As poaching and habitat loss cause elephant populations in Asia and Africa to plummet, international conservation groups are desperately trying to rally support for protecting the animals. But one challenge is that the people who most often come into contact with the pachyderms are farmers who live near wild elephant reserves — and who view elephants as menaces that can lay waste to a year’s salary in a single night.
“There are all kinds of stories … where a crazed elephant came in and destroyed a crop and killed 14 people,” said Evan Bittner, a University of Melbourne researcher who studies human-elephant conflicts in Sri Lanka.
So in the interest of keeping human-pachyderm relations civil, Bittner and other scientists have embarked on a mission: create the perfect elephant repellent.
This is, unsurprisingly, not as simple as bug spray. Bittner’s work focuses on using noises to scare the animals away from sugar cane and other crops, which he and colleagues recently described in the journal Wildlife Society Bulletin. They tested all kinds of noises that they imagined elephants, which have a superior sense of hearing, would avoid.
Previous research in Africa had showed that putting beehives on posts around crops can keep the massive animals away. So Bittner used a speaker system connected to a laptop to play the buzz of Sri Lankan hornets, directed at elephants about 45 feet away. They also tried the sound of chain saws.
But when it came to repelling male elephants, which do almost all the crop-raiding, the most effective sounds were the trumpeting and calls of other elephants — females, in particular. Once Asian male elephants reach maturity, females often cast them out of herds due to their aggressiveness, Bittner said. Matriarchs do this by bullying and preventing them from accessing food and water.
Listen to an elephant’s trumpet, which is usually a sign of excitement.
Listen to a different type of trumpet sound that can signal aggression.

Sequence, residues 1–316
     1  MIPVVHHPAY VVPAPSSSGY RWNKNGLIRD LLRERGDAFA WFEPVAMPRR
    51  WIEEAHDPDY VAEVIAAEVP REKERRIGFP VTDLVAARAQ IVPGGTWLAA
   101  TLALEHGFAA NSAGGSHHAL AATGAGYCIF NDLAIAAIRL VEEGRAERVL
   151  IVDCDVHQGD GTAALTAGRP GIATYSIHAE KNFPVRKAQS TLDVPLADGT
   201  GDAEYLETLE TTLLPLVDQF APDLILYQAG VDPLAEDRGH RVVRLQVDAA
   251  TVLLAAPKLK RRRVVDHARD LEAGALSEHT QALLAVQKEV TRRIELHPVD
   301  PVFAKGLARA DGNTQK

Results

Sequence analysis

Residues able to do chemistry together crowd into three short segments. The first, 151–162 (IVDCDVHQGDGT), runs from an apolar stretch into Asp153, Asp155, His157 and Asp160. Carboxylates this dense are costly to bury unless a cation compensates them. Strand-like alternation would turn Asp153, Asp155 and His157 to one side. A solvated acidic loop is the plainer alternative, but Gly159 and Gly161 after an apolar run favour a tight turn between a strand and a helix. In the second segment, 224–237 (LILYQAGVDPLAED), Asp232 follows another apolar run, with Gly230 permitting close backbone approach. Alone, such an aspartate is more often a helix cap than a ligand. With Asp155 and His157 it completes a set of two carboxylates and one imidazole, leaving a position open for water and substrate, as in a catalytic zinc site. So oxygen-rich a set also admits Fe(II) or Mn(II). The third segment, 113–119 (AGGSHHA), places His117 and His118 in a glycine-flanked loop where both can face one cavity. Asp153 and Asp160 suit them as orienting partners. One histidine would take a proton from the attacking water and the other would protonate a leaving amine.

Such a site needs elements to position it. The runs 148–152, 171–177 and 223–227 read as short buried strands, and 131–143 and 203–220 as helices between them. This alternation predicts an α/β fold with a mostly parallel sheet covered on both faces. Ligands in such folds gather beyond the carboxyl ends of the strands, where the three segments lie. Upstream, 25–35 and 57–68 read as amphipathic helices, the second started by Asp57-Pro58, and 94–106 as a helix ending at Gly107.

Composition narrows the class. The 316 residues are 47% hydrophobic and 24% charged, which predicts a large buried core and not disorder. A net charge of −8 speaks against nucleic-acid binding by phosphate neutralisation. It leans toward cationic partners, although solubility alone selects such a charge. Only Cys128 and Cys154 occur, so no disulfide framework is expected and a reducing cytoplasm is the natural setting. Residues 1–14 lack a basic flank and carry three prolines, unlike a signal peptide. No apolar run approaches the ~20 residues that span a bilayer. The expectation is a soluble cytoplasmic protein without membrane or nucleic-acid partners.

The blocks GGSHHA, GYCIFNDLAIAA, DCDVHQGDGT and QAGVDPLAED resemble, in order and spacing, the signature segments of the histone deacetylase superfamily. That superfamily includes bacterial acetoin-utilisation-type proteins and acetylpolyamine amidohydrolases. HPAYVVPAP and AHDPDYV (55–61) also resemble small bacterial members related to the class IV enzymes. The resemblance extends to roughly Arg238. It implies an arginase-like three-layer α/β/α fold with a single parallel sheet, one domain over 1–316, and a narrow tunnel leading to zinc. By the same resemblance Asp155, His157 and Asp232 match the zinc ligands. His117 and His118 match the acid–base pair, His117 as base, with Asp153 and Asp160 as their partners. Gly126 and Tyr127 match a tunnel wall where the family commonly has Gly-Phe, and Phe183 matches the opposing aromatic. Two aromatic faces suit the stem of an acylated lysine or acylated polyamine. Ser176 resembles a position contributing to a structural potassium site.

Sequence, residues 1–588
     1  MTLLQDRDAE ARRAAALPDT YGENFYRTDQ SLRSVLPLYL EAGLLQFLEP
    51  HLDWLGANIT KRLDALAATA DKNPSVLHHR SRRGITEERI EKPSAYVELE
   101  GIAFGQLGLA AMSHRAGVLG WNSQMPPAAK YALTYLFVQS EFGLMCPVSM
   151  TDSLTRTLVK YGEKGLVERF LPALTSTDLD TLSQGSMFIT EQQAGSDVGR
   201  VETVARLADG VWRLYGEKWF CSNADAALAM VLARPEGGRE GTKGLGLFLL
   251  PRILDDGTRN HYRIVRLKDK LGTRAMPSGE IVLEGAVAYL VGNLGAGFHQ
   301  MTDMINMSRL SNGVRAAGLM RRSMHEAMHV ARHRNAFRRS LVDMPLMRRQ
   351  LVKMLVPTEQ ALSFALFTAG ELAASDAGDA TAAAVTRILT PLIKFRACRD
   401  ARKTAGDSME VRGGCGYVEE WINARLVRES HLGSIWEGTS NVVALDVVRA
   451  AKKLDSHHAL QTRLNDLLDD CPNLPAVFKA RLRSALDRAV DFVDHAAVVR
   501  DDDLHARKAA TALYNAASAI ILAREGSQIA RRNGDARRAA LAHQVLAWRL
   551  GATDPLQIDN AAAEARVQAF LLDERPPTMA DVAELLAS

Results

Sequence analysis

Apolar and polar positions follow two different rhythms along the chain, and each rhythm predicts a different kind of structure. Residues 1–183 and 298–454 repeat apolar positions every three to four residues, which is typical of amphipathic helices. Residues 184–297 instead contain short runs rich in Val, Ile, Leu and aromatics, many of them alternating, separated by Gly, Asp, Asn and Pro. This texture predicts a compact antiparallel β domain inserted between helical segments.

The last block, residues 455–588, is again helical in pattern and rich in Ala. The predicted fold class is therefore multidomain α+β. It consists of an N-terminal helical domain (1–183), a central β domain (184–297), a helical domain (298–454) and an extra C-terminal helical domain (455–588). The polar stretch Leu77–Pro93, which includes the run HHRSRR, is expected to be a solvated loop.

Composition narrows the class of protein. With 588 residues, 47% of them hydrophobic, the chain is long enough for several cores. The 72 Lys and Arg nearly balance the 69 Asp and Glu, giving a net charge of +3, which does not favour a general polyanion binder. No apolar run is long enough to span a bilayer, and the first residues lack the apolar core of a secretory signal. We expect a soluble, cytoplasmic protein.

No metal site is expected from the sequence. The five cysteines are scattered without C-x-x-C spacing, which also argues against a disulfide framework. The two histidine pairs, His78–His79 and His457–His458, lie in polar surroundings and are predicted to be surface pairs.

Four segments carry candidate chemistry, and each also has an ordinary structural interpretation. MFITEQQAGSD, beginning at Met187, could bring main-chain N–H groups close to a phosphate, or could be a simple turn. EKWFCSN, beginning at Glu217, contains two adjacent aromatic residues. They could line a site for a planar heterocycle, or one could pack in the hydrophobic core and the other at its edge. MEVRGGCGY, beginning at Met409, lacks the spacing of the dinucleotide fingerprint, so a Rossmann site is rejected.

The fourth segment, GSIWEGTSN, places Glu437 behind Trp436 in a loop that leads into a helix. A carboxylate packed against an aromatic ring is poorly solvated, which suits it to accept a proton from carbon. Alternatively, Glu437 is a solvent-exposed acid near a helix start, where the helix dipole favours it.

Listen to an elephant grumble, also an aggressive sound.
Bittner found that broadcasting females’ calls kept 65 percent of males away from crops. Only the biggest, baddest elephants didn’t react, he said.
“We think that the noise of a big group of females is effective,” he said. “They just go, ‘It’s not worth it.’ ”
In Africa, ordinary deterrent efforts often amount to a spear in the elephants and deaths for some farmers, according to Damian Bell. Bell, the executive director of Honeyguide, a nonprofit company that works to find affordable solutions for farmers on the front line of human-wildlife conflicts, said farmers who risk losing so much to a raid also sometimes turn a blind eye to illegal poaching.
“If elephants carry on raiding crops,” he said, farmers often “either retaliate by killing the elephants or keeping very quiet when poachers go in to kill an elephant.”
To prevent crop-raiding, Bell’s team in northern Tanzania has been developing a four-stage process that, improbably, involves condoms.
It starts with a high-powered flashlight, which often scares elephants attempting a night raid. If that doesn’t work, Bell and community volunteers wield a loud foghorn that seems to confuse the elephants.
Step three: filling condoms with chili powder and a firecracker, then throwing them near belligerent animals — an idea that Bell said occurred to him when he read about smugglers who swallow drug-filled condoms. The spice can affect the elephants’ sense of smell, and the loud bangs frighten them.
Elephants that have withstood those three stages get treated to a larger firework called a Roman candle, which Bell’s crew sets off about 75 feet away from the animal. Bell said that almost always does the trick. The animals have excellent memories, so once they’ve experienced the chili bombs or roman candles, the flashlight is usually enough to ward them off in future raids, Bell said.
The techniques involve some danger, of course, to elephant and human.
“You’re talking about being very close to an animal that is huge, and you’re tricking it to believe you are more powerful than it,” Bell said.
But Bell said most villagers are willing to take risks to defend their livelihood. As for the elephants, causing them temporary discomfort or stress is far better than farmers throwing spears or tipping off poachers, he argued.
Farmers who are given cheap, accessible and legal deterrence tools are more likely to provide information about poachers in the area, Bell said.
“Ultimately we’re trying to create tools that communities can invest in and take on with their own capacity,” Bell said.